Also, find out how quickly the meds should show results, and how long he should try each medication before considering moving on to a new one. I spent way too long on steroids, hoping they'd do something, before moving on to the scarier-sounding ones. If it's not working, move on.

He should know that many of the signs and symptoms of Crohn's have nothing to do with the guts. In my last big flare, I had incredible joint pain and a hives-like rash that came and went over about 40% of my body. But there were no outward intestinal signs at all. (The colonoscopy showed a ton of inflammation, however.) Knowing what other things can happen can help keep the fear and stress at bay, if you know that they may occur. Crohn's can affect the skin, the eyes, the joints -- almost every other part of the body can have issues if you're having systemic inflammation.

I nth the dietary advice above, especially about trying gluten-free. When I started the Atkins diet for weight loss years ago, I was shocked at how much better my Crohn's was within a week. And when I finally went totally gluten-free, I improved even more. Also, checking vitamin D is a great idea -- new studies are showing that D can be a huge help in battling all of the autoimmune diseases.

He should also know that more than one person will be a total jerk about the whole thing. Some people can't understand the idea of being so tired that you can't go out, or that you need to cancel plans at the last minute. Crohn's is one of those invisible diseases where you can look perfectly fine while you feel horrible inside, and some people don't get that. I've referred people to the Spoon Theory page many times, hoping it can sort of explain things.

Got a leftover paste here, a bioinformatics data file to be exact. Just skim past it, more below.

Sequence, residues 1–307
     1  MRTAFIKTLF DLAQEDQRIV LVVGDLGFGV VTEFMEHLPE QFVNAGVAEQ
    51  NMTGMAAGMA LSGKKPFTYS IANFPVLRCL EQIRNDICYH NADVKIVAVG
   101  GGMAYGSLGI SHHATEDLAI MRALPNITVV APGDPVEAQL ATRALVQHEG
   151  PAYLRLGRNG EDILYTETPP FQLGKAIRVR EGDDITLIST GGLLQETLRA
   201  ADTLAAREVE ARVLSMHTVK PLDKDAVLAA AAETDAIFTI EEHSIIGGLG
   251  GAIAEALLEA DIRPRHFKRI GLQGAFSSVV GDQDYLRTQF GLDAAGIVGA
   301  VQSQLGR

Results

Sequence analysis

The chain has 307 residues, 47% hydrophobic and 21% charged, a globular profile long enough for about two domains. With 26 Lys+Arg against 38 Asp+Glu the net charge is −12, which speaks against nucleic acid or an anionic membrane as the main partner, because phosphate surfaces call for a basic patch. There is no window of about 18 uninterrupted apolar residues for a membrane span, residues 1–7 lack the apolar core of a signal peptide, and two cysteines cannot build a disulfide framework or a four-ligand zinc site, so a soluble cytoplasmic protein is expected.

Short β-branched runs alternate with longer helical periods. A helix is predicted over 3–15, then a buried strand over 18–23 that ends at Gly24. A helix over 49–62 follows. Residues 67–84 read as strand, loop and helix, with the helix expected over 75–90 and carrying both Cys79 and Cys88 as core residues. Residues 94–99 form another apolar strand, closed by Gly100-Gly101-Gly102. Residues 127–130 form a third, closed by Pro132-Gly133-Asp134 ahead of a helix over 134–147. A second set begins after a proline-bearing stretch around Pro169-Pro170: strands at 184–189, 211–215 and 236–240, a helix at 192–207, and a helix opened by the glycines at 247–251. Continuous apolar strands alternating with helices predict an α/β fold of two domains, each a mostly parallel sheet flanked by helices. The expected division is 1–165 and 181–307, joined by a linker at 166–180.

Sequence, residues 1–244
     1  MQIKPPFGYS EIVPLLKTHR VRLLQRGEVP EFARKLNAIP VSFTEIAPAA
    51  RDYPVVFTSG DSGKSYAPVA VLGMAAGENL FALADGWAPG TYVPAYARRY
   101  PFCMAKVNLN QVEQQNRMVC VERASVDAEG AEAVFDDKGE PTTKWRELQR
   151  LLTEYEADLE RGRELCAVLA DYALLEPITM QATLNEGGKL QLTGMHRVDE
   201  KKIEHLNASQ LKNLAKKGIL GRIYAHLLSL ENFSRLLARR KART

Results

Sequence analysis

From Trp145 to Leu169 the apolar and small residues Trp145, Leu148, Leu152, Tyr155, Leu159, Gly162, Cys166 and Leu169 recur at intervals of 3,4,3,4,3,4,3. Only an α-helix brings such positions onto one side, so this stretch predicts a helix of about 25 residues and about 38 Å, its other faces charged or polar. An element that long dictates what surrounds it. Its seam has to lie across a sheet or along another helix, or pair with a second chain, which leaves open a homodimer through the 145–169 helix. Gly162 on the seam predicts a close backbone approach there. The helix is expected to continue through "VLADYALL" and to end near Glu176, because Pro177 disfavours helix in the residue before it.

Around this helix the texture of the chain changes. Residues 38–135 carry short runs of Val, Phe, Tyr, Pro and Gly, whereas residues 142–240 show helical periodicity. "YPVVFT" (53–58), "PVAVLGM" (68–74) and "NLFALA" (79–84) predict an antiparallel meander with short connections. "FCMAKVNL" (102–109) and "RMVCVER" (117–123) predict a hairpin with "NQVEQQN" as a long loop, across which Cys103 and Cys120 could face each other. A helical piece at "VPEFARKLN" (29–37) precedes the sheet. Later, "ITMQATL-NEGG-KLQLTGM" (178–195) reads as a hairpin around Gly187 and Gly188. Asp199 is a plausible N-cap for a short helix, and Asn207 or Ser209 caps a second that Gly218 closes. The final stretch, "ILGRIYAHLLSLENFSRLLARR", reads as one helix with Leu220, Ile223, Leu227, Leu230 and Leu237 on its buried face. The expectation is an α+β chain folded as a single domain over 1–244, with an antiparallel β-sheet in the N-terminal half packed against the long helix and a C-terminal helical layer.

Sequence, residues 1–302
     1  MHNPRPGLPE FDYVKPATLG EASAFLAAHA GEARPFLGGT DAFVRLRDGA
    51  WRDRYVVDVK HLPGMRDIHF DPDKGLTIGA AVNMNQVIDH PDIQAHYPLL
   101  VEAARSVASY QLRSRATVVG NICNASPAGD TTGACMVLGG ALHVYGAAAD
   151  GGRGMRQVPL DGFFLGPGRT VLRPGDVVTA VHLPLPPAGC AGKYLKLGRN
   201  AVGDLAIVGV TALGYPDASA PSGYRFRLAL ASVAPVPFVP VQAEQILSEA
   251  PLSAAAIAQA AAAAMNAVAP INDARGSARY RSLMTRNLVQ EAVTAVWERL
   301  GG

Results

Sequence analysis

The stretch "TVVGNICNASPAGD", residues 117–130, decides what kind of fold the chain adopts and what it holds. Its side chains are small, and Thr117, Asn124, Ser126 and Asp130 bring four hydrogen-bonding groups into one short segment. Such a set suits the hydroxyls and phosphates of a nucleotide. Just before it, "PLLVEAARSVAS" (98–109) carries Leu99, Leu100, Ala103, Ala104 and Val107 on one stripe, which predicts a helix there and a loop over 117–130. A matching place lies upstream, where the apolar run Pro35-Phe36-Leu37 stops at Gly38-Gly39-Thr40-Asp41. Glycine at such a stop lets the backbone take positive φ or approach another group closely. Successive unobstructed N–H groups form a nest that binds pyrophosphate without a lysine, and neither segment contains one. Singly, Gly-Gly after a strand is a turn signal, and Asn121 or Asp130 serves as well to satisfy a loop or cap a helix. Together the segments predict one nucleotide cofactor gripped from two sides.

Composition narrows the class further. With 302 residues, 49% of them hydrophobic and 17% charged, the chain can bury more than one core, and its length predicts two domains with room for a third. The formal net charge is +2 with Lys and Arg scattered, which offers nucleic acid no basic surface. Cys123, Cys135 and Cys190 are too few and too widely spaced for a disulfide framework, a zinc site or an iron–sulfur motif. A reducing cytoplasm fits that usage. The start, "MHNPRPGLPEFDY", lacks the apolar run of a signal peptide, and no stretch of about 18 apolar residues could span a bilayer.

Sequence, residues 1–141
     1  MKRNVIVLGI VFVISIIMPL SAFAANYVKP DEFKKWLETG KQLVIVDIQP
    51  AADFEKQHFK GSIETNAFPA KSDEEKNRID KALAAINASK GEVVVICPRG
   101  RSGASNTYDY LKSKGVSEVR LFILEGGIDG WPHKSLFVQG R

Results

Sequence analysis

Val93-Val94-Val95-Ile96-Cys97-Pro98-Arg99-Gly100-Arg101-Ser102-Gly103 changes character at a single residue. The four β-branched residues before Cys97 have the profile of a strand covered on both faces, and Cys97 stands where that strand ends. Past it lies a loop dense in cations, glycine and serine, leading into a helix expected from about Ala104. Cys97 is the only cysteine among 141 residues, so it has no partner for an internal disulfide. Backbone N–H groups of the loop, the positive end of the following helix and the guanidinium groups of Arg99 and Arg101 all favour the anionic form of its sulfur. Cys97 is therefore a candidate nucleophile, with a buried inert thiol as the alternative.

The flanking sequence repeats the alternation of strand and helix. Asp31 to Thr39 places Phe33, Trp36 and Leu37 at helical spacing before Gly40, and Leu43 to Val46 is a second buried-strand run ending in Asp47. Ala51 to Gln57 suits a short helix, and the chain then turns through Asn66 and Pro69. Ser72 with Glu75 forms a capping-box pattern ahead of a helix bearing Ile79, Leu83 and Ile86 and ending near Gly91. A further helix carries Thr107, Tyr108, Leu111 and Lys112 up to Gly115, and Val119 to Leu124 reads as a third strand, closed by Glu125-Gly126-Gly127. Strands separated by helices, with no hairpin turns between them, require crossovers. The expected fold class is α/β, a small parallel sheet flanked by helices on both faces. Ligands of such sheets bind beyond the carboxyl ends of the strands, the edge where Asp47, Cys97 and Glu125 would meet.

posted by themissy at 11:14 AM on February 19, 2011 [1 favorite]

Long-time Crohnie here (40+ years, and counting) and I agree with all the answers posted here, especially themissy's last paragraph. One of the most irritating things your friend will hear is, "You don't look sick".

Not sure if the following is allowed. (If not, mods, please nuke me.) I've run a support forum for Crohn's and ulcerative colitis sufferers and their friends and families since 1994. Totally free, no ads, just a bunch of people of all ages from all over the world who've been there, done that, and used the t-shirt to clean up after an "accident". We're at We'd love to share our experience, strength, and hope with you, and lots of jokes, too.

(If you google us, you may get an old address. We recently moved. This address is current.)
posted by qurlyjoe at 5:57 PM on February 19, 2011 [1 favorite]

Wow, thank you so much, Hive! This is all incredibly helpful. The steroids have him feeling better, with more energy, but since he is only on them for 10 weeks, I fear this is a "high," with more lows to come. We meet with this doctor in a few weeks, and I feel much more prepared that I did a few days ago.
posted by _cakes at 1:42 PM on February 24, 2011